Ivybridge car park under pressure
Preparations begin for regeneration
People using two busy car parks in the center of Ivybridge fear there will be too few spaces to leave their vehicles when an area is fenced off on Monday [10 January].
South Hams District Council has admitted parking capacity in Glanvilles Mill and Leonards Road car parks will be reduced for the week.
Parts of the car park will be fenced off as preparatory work for a proposed £9million regeneration project for the city begins. The redevelopment is expected to include a new Aldi supermarket in the Leonards Road car park.
The council apologized for any inconvenience, but some people who regularly use the car parks say they are unhappy.
Darryl, who lives in the area, said: “It can only make doing business in Ivybridge more difficult. This will reduce attendance and probably irritate people. We might lose some custom.
He also doubted the new Aldi supermarket would increase footfall.
“If there is no parking lot where people go to park for their groceries?” he said.
Plans for the new store will provide adequate parking when completed.
Another local resident, Lisa, also expressed concern about the impact of closing parts of the car park.
“I live fairly locally so I can walk to work,” she said.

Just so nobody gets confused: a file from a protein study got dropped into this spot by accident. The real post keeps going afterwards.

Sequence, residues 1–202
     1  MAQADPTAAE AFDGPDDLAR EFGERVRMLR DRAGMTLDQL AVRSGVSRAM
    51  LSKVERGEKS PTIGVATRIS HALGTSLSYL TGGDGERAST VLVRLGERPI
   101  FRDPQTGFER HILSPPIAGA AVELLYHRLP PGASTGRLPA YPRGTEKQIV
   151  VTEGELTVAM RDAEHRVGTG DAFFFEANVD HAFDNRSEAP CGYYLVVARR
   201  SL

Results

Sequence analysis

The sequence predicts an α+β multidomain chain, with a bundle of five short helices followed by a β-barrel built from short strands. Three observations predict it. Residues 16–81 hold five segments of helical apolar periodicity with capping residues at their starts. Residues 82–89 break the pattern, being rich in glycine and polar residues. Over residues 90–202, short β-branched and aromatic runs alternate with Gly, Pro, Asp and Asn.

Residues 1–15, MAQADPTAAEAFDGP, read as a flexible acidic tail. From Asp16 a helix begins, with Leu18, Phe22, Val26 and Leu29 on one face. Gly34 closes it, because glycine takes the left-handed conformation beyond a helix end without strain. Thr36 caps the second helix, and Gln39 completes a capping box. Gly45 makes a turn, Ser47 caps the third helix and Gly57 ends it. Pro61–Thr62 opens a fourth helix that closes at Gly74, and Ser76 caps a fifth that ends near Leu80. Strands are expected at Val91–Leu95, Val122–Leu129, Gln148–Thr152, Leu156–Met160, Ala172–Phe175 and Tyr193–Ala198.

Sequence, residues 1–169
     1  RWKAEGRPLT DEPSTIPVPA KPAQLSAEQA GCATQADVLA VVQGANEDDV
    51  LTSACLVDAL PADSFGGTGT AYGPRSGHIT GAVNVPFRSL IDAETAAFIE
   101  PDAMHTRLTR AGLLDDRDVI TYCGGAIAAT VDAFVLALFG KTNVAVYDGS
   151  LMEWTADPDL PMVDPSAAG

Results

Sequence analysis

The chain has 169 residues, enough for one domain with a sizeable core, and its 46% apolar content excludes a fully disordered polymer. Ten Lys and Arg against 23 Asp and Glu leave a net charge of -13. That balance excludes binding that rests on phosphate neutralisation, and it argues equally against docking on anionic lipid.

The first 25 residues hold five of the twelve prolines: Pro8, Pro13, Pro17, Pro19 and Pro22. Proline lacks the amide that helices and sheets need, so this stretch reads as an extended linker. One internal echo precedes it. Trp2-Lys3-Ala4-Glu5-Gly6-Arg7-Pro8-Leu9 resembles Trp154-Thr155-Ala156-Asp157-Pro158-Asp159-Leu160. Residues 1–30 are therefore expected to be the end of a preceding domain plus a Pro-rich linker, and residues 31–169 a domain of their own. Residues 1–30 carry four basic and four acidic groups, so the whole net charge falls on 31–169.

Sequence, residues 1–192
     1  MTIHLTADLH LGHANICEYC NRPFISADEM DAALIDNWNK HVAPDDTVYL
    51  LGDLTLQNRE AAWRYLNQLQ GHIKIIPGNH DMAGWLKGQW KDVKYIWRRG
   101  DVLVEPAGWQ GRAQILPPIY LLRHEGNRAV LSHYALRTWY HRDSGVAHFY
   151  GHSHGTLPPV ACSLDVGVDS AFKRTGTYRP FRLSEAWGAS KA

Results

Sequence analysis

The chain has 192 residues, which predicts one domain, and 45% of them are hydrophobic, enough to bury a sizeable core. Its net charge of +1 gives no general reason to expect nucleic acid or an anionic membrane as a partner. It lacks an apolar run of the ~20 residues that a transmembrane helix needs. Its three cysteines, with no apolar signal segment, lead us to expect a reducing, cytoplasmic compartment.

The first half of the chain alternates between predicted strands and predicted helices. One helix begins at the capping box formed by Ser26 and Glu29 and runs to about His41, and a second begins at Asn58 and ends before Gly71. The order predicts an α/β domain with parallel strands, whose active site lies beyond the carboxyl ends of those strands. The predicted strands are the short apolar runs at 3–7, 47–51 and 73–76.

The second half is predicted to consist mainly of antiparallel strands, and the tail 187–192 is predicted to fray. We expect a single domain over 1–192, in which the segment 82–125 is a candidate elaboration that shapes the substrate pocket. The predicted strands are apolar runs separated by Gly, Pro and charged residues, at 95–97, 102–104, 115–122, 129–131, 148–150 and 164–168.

“But a lot of my colleagues who work on the high street don’t know where they’re going to park, so they’re going to clog up a lot of the rest of Ivybridge.
“I think there are going to be a lot of cars everywhere.”
Regarding the construction of a new supermarket and the impact on parking, Lisa was cautiously optimistic. “Apparently there will be enough for everyone to use what they need.
“I think long term, the jury is out on who I’m afraid of at the moment.
“But I think the streets of Ivybridge are going to get a lot more congested.”
Regeneration plans include developing a section of the Leonards Road car park to include the Aldi store. Earlier consultations suggested that the proposal had broad support from local people.
It is estimated that the planned store could create between 30 and 40 jobs, with up to 100 shoppers able to use it at any one time.
Buyers are expected to use other city facilities as well while in the area.
Construction preparations come as plans for a new city footbridge have been submitted to replace one of the existing wooden level crossings in the city centre.
The Pont du Nord, which spans the Erme and connects the Moulin de Glanvilles to the nearby car park, was built in the mid-1980s but has since suffered from rot.
If adopted, the replacement bridge would be metal rather than wood.
South Hams District Council is inviting people to comment on the proposed bridge replacement until Thursday, January 13.